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Down to Earth Gardening

What does one write about gardening when it's below zero outside and the only thing I can think about is the line at the post office? Well, the good people at All-America Selections have come to my rescue by announcing their 2009 AAS Winners. All-America Selections are newly introduced plant varieties that have been tested in trial gardens across the country and have delivered on the promises that these are the best plants of their kind. The West Central Research and Outreach Center Horticulture Garden in Morris is an All-America Selection Display Garden that displays the winners of the past five years. Be sure to keep an eye out for these selections on your next visit.

The Cool Season Bedding Plant Award Winner is Viola "Rain Blue and Purple". This sounds like a Johnny Jump-Up lover's dream come true. It is cold and heat tolerant, so it won't turn crispy on you in July. It boasts that the blooms change color from purple and white to purple and blue as they mature. It also has a trailing habit and spreads 10-14 inches, making it perfect for container plantings.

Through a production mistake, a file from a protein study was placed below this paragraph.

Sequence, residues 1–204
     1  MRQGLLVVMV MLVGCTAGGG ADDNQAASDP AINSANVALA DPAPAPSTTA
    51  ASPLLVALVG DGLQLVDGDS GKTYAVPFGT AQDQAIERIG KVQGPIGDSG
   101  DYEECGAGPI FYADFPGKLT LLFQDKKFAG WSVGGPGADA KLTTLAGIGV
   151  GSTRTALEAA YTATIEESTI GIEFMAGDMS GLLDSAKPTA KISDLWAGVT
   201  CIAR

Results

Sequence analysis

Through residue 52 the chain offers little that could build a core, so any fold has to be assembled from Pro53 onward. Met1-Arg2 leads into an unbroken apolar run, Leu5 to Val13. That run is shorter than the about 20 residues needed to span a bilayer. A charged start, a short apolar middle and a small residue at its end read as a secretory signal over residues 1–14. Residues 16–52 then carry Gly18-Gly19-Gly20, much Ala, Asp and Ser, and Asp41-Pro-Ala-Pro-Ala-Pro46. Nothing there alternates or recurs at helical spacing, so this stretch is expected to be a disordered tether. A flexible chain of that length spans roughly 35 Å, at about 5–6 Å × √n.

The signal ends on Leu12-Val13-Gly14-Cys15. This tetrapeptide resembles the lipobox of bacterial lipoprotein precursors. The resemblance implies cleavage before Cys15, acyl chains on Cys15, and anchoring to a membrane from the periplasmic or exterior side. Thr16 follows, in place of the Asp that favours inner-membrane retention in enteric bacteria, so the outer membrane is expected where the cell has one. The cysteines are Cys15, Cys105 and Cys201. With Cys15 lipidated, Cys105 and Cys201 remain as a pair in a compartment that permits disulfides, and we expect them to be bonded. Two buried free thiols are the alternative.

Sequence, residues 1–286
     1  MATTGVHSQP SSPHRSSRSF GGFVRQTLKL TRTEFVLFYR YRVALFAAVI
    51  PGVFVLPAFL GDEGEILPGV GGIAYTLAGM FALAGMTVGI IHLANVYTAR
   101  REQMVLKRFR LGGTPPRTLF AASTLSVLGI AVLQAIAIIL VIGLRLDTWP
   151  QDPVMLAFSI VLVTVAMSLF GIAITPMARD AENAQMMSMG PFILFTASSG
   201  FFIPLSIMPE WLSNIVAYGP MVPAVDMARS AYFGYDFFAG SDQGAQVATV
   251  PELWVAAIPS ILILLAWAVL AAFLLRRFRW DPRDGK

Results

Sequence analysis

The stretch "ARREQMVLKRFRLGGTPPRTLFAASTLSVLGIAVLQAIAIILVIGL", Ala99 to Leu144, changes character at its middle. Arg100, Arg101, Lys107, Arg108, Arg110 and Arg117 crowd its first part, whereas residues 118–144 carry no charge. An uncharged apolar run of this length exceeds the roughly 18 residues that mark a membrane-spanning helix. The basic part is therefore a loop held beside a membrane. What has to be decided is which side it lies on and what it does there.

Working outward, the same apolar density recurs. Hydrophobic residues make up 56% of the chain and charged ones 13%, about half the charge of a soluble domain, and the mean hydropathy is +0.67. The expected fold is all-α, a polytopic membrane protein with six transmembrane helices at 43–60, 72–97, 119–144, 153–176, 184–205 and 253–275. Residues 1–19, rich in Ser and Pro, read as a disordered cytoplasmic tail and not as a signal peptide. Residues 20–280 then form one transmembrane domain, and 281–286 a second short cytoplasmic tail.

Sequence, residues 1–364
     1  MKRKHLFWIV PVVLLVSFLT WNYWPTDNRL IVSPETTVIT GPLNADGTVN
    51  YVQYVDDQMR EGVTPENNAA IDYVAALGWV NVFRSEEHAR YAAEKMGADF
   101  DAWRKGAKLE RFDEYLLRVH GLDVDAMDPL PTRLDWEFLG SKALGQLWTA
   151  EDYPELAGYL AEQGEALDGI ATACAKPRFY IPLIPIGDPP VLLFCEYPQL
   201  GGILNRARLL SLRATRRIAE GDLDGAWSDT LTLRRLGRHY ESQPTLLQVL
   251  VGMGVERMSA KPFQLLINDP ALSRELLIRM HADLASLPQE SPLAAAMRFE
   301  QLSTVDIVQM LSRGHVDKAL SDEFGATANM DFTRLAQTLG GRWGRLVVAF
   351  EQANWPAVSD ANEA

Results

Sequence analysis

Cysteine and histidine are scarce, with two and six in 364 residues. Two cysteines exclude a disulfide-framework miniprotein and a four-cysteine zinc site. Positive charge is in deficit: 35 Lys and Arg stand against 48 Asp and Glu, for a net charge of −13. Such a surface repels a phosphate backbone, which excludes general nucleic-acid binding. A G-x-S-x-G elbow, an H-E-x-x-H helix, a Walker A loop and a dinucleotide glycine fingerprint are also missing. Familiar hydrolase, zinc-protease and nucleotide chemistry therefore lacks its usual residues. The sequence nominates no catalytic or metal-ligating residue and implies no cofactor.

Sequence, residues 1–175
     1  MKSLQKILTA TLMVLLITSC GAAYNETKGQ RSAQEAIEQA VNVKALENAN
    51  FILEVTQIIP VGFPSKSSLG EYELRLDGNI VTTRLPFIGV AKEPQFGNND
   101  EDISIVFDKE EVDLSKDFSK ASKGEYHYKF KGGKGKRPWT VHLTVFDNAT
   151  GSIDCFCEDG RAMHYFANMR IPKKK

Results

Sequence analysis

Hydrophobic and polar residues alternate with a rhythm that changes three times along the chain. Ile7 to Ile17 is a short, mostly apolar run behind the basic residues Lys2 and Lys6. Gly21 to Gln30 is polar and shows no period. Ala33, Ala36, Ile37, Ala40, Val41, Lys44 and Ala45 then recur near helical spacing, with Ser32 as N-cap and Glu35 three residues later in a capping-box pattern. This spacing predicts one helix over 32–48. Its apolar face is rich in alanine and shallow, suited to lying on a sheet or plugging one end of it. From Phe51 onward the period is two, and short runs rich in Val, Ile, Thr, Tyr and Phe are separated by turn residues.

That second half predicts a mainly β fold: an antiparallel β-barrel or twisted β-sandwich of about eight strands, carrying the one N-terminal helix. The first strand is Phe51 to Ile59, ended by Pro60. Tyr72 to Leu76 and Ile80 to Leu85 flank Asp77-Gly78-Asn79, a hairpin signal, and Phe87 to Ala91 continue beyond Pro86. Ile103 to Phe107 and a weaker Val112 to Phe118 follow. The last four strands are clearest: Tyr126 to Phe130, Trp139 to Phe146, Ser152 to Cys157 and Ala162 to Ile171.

Last year's vegetable winner was the eggplant "Hansel" and now this year we have "Gretel". "Gretel" is another mini-eggplant, but this one is white. It's also very early, with a 55 day harvest in good conditions, which should be gratifying to impatient gardeners. They grow in clusters, and the fruit is pure white and sweet with a tender skin. The plants are about 3 feet wide and tall, and should do well in containers.

Another vegetable winner is "Honey Bear", an acorn squash that is meant to be baked and served in the half shell. As the name implies, it has a sweet flavor when cooked. The plants themselves are compact and will grow 2 -3 feet tall and spread 4-5 feet without vines. That's great news for gardeners with limited space. The ripened squash weighs about a pound and each one serves two people. "Honey Bear" is also tolerant of powdery mildew, which will help to keep it producing the entire growing season. From seed to table is about 100 days, which should be adequate for our growing season.

The last Vegetable winner is the melon "Lambkin". I know, a melon is usually thought of as a fruit. The term "vegetable" is a culinary term, not a scientific one, so let's just leave it at that. A major issue with growing melons here is that our growing season can be cut short with an August frost. This has happened to me one too many times and I haven't tried to grow melons in years. I think I may have to try this one, though. "Lambkin" matures in about 70 days and is oval shaped with a sweet, aromatic, white juicy flesh. These melons have a long shelf life and are often called Christmas melons. So beware friends, next year you may find melons in your stocking! Merry Christmas!